Economic activity boomed in early 2021 as widespread vaccinations and more fuel from government spending helped bring the US closer to pre-Covid-19 levels, the Department of Commerce reported Thursday.
The gross domestic product, the sum of all goods and services produced in the economy, rose in the first three months of the year by 6.4% on an annual basis. Aside from the spike in reopenings in the third quarter of last year, that was the best period for GDP since the third quarter of 2003.
Economists polled by Dow Jones were looking for a 6.5% increase. The fourth quarter of 2020 accelerated by 4.3%.
“This signals that the economy is up and it is going to be a booming year,” said Mark Zandi, chief economist at Moody’s Analytics. “Obviously, the American consumer is driving the train and companies are investing heavily.”
In a separate report on Thursday, the Labor Department said initial jobless claims fell to a low in the pandemic last week, but the number was higher than expected.
The increase in GDP affected a number of areas including increased personal consumption, fixed investments in residential and non-residential real estate, and government spending. The decline in inventories and exports, as well as an increase in imports, were deducted from profit.
Consumers, accounting for 68.2% of the economy, sped up spending 10.7% in the quarter, compared to a 2.3% increase in the previous period. Spending was mostly focused on goods, which grew 23.6%, but spending on services, which was the missing link in the recovery, still rose 4.6%.
On the merchandise side, spending on durable goods such as home appliances and other long-term purchases exploded by 41.4%.
Thanks to another round of stimulus checks, this time for $ 1,400, consumer spending was high.
While the numbers indicated that many were using the free money on spending, they also put a fair amount of it away as the savings rate rose to 21% from 13% in the fourth quarter.
“With the increased savings rate, households are still cashless, and now that restrictions are relaxed as the vaccination program proves successful, they can increase spending on the worst-hit services without withdrawing too much.” about spending on goods, “wrote Paul Ashworth, chief US economist at Capital Economics.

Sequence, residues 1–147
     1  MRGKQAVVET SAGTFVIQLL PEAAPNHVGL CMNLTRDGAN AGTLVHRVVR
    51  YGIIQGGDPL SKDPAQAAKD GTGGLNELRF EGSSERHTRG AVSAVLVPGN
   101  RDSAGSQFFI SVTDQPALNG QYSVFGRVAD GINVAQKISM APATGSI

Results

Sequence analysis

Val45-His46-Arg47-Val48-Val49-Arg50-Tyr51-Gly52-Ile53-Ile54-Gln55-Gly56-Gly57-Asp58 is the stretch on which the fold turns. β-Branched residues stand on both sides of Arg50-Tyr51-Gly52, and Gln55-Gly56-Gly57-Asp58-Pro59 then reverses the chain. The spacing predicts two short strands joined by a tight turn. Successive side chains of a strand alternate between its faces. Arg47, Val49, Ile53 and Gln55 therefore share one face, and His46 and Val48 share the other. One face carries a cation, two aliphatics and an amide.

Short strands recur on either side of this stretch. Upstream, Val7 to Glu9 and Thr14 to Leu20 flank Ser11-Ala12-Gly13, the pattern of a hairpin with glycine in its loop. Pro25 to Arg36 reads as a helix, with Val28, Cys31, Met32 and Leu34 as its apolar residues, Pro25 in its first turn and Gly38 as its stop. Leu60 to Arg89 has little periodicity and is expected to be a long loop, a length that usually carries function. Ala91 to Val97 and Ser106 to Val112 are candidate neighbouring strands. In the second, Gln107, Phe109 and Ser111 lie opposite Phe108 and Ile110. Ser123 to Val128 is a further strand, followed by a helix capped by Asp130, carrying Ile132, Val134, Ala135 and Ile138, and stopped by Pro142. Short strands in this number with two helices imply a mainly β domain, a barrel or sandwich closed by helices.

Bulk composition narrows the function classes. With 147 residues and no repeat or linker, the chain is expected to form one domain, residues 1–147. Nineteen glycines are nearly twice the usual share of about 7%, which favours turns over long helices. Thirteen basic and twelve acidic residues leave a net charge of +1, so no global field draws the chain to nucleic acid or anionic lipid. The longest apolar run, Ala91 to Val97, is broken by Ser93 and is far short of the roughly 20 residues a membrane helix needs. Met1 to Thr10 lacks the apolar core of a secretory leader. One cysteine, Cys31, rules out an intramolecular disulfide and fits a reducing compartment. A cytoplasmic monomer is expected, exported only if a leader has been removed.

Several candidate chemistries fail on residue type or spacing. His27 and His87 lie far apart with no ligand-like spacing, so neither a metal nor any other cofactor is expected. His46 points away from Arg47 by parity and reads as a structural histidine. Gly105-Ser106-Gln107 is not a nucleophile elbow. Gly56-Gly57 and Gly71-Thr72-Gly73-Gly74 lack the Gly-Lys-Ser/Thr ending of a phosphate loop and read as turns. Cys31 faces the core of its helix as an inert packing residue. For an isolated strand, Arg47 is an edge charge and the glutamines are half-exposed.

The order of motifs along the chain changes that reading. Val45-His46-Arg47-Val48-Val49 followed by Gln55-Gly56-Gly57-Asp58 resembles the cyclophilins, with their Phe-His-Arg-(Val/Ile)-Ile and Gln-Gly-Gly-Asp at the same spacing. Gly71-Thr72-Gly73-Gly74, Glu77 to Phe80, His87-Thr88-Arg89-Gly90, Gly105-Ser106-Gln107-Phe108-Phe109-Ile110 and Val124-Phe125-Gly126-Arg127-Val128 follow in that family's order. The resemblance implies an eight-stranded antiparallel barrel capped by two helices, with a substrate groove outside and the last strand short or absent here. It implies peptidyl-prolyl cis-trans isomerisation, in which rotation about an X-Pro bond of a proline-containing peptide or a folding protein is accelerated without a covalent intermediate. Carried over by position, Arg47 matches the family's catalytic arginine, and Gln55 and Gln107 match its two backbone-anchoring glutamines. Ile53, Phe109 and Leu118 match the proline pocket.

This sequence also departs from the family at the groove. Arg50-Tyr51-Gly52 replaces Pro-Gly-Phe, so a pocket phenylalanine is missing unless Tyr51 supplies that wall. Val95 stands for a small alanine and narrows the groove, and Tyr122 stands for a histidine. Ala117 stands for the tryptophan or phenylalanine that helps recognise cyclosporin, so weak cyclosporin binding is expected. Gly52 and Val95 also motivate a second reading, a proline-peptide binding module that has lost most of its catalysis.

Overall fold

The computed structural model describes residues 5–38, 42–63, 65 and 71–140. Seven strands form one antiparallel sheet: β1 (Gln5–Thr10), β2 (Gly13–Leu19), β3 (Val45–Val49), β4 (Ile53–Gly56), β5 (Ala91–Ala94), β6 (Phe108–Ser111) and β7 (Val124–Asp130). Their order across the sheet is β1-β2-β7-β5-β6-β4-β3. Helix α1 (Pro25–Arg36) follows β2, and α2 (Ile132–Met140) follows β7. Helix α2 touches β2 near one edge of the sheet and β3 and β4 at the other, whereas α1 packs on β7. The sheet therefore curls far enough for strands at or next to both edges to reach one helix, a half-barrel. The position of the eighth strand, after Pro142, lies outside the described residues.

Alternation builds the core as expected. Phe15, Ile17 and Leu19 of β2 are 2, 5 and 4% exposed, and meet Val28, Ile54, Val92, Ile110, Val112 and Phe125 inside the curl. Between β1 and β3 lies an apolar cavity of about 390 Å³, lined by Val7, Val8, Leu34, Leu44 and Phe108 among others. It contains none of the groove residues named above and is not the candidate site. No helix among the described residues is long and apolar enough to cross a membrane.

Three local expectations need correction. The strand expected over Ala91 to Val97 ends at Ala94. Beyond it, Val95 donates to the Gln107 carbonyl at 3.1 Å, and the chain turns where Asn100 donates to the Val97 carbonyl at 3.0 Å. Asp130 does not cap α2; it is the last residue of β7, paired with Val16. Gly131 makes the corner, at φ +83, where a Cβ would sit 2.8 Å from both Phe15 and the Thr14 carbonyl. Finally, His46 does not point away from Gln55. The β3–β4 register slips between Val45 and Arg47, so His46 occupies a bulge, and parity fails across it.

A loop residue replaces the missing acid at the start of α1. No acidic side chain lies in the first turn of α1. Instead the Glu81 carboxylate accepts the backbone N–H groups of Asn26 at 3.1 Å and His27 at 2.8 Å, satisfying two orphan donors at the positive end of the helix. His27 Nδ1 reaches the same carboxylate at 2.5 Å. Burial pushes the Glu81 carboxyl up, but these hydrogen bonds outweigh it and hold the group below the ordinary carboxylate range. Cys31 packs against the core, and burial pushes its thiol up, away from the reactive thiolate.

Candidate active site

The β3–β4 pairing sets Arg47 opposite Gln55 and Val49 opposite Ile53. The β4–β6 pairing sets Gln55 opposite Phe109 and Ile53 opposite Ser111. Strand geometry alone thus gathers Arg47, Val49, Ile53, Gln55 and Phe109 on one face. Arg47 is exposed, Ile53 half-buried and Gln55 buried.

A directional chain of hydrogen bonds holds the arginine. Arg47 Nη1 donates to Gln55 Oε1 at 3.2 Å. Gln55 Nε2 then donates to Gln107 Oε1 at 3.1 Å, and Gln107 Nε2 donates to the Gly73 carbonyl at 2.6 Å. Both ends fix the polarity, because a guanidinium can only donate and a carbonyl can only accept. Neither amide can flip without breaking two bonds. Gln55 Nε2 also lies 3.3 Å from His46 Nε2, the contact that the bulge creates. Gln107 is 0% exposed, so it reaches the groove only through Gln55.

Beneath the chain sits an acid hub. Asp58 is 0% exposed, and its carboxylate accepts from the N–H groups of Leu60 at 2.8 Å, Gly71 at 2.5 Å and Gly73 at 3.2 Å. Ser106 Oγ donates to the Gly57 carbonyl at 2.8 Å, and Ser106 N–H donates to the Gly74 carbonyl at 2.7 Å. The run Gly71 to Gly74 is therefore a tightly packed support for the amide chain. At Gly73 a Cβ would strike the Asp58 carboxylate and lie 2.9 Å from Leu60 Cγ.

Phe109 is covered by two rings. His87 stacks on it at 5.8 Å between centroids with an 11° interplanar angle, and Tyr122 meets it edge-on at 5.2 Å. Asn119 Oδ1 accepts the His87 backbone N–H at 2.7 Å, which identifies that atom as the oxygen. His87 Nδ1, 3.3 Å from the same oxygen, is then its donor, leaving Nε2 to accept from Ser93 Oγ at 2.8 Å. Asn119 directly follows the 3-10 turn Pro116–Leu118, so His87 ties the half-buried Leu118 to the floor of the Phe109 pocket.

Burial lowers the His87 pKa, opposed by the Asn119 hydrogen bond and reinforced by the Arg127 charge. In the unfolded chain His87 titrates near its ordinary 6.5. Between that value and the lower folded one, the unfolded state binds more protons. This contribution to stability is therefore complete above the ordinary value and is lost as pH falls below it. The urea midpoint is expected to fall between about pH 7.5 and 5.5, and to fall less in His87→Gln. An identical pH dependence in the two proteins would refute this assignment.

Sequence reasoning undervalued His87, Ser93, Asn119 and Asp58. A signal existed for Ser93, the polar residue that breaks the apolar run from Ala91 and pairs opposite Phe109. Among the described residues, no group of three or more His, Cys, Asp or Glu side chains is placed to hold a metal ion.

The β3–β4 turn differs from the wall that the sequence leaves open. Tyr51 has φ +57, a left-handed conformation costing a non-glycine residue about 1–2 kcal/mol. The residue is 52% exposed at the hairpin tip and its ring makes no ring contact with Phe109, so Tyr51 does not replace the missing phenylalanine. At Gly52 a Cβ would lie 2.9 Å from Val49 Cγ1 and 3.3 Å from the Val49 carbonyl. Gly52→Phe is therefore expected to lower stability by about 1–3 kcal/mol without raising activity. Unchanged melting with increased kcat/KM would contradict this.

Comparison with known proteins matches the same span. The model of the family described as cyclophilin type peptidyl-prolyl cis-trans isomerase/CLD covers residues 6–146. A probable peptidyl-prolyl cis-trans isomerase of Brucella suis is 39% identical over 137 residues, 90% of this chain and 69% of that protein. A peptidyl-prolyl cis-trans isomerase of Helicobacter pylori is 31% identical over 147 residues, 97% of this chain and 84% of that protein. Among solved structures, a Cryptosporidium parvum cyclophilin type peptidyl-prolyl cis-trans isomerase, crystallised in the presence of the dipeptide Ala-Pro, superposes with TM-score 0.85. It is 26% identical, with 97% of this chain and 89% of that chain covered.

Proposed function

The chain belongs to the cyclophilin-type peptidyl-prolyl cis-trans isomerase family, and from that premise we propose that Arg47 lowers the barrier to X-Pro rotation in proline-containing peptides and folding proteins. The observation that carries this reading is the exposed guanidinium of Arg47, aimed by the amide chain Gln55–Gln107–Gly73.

Imports also continued to grow, increasing by 5.7%, while exports fell by 1.1%. Imports are deducted from GDP.
Government spending and investment increased 6.3%, including a 13.9% increase at the federal level and a 1.7% increase from state and local agencies.
Inventories fell sharply, saving 2.64 percentage points versus GDP gain, mainly due to spending in the US, which outpaced much of the rest of the world. However, that slump in the first quarter is unlikely to fuel overall growth numbers until later.
“The only real drag on the economy will continue to be trade as the US is way ahead of the rest of the world on recovery,” Zandi said. “We’re buying things and the rest of the world isn’t quite there yet. Everything shoots at all cylinders and we run off.”
Still in recovery mode
The latest numbers reflect an economy that has made great strides since the 2020 lockdown, sending more than 22 million American workers to the unemployment line, and whose GDP fell by an unprecedented 31.4% in the second quarter of 2020.
This was followed by a 33.4% recovery in the third quarter. However, the Bureau of Economic Research has still not declared an end to the recession as GDP in US dollars has not exceeded its previous high.
While around 14 million people have returned to work since then, the Federal Reserve estimates that around 8.4 million fewer jobs are currently in place than before the pandemic. The unemployment rate has fallen from its high of 14.7% to 6%, but is still well above the 3.5% in February 2020.
A separate Labor Department report showed an additional 553,000 Americans first filed for unemployment claims last week. This was another low in the pandemic, but it was above the Dow Jones estimate of 528,000. The ongoing entitlements from a week ago increased to 3.67 million, while the total number of benefits from all programs decreased by nearly 850,000 to 16.6 million.
The struggles in the labor market are driving accommodative monetary policy further.
The Fed noted on Wednesday that “economic activity and employment indicators have surfaced lately, although the sectors hardest hit by the pandemic remain weak”.
Fed Chairman Jerome Powell said that while residential activity is above state of affairs and other parts have recovered near pre-pandemic levels, the recovery remains “uneven and nowhere near complete”.
The recovery also reflects previously unheard-of policy stimulus from both the Fed and Congress.
On the fiscal side, Congress, along with a number of other spending programs, allocated around $ 5.3 trillion to improved unemployment benefits, which helped bring the federal budget deficit to $ 1.7 trillion in the first half of fiscal 2021 and the national debt to $ 28.1 trillion. Congress is also considering a $ 1.8 trillion infrastructure plan from the White House.
The Fed also got its way, cutting its short-term policy rate to near zero and buying bonds worth nearly $ 4 trillion, bringing its balance sheet to just under $ 8 trillion.
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